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This was a biopic done right, with both an engaging plot and accurate depictions to the real-life events that unfolded. The performances are top notch, they give the iconic members both character and identity. Gary's directing was confident and on point every step of the way. The great screenplay and soundtrack furthermore, make it stand out in a major way. What a powerful story about N.W.A we saw on display here.
Straight Outta Compton blazes through one of the most infamous music acts ever with bravado and conviction. Reminding audiences where modern rap music originated from and paying homage to those that shaped it.
The story of N.W.A. is a very interesting story and was easy to see why it would become a movie. O'Shea Jackson, Jr. does an amazing job portraying his father and you get to see the impact that N.W.A. had in the music industry. Even if you're not a fan of rap music it is still a very interesting film to watch just to see how good N.W.A.'s music was.
Smooth transitions between each sub of storylines, exciting soundtrack and score music plays throughout the movie creating a well polished epic. Well worth the watch and one that can be pulled out every year or so. F gary gray did a great job with this movie. Enjoyable, gritty, comedic, drama. Well done.
A film that tells a story, but not the whole story. Straight Outta Compton paints the members of NWA in a likable way but overlooks major negative aspects and actions of the groups members lives as to not damage the reputations of Ice-Cube and Dr. Dre.
Straight Outta Compton is an excellent film. It is about the group NWA emerges from the mean streets of Compton in Los Angeles. O'Shea Jackson, Jr. and Corey Hawkins give excellent performances. The screenplay is well written. F. Gary Gray did a great job directing this movie. I enjoyed watching this motion picture because of the drama.
It was fascinating to see the behind the scenes story of childhood icons.
Strengths: Even if you aren't a fan of rap music, there's no denying that this is a straight up cool movie. It does well to capture what made N.W.A. stand out in the first place. Though these are stories that have been told before, there's a sense of wonder to everything that happens. Seeing how the turmoil within the group started early makes for compelling and tense scenes. The acting is on point. O'Shea Jackson Jr. (Ice Cube) plays his father and nails it. I'm sure it helps to have that much of a personal connection to who you're playing and Jackson makes the most of it. He essentially is Ice Cube. Jason Mitchell (Easy E) is another highlight. Though his character does some questionable things early, you can relate to him. The scene where he finds out he has AIDS is heartbreaking and expertly acted. Corey Hawkins (Dr. Dre) and Paul Giamatti (Jerry Heller) both do well. I also got a kick out of how some of the other characters are played by people who look, act, and sound like their real life counterparts. Keith Stanfield (Snoop Dogg) is the best of that bunch, but R. Marcus Taylor (Suge Knight) is great, too. Obviously, the soundtrack is stellar and fitting of the movie.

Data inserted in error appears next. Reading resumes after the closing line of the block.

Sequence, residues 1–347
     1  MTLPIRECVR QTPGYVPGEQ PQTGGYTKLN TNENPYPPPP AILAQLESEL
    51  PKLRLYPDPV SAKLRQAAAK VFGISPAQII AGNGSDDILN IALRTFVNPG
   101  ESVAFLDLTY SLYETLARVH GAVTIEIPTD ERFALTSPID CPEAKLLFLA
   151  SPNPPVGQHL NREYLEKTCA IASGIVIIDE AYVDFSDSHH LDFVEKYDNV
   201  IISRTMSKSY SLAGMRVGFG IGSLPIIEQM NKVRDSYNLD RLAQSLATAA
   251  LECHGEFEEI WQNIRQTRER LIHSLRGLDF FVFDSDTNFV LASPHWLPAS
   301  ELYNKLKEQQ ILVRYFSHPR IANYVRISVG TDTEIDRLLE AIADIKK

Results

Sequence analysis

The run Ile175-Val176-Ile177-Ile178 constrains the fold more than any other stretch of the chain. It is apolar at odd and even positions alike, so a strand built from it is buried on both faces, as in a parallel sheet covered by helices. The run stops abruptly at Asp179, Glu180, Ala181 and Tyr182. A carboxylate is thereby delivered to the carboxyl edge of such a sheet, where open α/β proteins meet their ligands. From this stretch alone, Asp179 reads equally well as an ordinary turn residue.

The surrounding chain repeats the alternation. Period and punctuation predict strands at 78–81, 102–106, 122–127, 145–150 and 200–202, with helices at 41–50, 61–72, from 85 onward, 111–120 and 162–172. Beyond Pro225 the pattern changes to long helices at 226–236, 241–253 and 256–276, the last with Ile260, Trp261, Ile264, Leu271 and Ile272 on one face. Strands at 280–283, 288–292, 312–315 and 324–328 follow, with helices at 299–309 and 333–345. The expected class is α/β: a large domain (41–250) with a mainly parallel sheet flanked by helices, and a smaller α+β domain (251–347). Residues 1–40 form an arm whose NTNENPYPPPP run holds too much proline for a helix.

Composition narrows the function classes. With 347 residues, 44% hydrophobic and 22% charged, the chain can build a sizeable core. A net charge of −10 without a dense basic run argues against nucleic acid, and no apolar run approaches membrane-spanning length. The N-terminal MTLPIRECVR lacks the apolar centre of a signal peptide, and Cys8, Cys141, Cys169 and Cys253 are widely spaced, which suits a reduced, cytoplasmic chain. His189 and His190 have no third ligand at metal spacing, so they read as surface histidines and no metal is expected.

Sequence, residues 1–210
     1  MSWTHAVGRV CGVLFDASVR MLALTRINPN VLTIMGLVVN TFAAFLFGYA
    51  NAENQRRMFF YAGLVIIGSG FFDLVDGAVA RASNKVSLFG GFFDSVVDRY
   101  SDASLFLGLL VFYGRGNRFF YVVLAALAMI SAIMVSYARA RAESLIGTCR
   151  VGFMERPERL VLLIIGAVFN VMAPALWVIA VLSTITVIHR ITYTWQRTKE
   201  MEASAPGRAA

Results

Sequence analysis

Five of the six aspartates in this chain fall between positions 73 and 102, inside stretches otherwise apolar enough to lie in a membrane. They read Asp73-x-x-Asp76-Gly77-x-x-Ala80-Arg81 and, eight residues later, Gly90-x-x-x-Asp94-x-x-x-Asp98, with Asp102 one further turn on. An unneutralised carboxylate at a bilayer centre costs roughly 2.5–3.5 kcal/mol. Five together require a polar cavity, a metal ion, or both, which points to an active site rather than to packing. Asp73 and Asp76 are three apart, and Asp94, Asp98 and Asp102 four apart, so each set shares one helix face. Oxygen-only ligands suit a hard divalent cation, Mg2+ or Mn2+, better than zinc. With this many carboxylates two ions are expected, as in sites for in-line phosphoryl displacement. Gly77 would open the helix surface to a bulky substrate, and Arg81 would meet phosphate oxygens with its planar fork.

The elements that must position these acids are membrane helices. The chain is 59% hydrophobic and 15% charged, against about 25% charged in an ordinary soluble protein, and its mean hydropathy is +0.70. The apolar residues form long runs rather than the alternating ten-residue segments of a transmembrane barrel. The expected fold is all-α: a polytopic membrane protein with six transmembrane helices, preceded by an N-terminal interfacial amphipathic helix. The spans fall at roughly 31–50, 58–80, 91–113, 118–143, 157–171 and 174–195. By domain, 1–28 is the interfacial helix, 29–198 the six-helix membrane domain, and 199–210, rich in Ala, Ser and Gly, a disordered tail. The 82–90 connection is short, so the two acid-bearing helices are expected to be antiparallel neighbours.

Weaknesses: At times, it can feel excessively long. With a runtime hovering around two and a half hours, it probably could've done with some trimming. As good as the soundtrack was, it never felt like there was quite enough music in the movie. It feels off for a film about music stars. I also wasn't 100% behind the way things were depicted. The way this story goes, only Suge Knight comes across as the bad guy and for the most part, you can sympathize with everyone else. That seems like a bit of a stretch.
Overall: The one glaring issue with this movie is the length. If you shave off some of the first act, it would tighten things up, especially with the other two acts moving along nicely. The acting and direction are both great, making for a very strong retelling of a true story.
Director F. Gray Gray really took the meaning of "Fight the Power" from Spike Lee's "Do the Right Thing" to a fully-committed powerful height in a well-suited biopic that revived the riveting, rebellious spirit and depth of its time while also being apparently relevant, courtesy of the solid cast's energetically terrific performances in demonstrating tough stances and the musical power of hip-hop. (A-)
(Full review TBD)
I really wanted to like this. Straight Outta Compton exemplifies "a mile wide and an inch deep". Many years are covered, if you care about people talking about contracts and money for 2 and a half hours, this is your film. There's very little music in the film for a film about musicians. Apparently, the only person who did anything wrong was Shuge Knight. I'm not sure what the point was of making this film was if they were going to sanitize the story. I'm sure it was more interesting in real life. If it wasn't, then I wouldn't even want their success.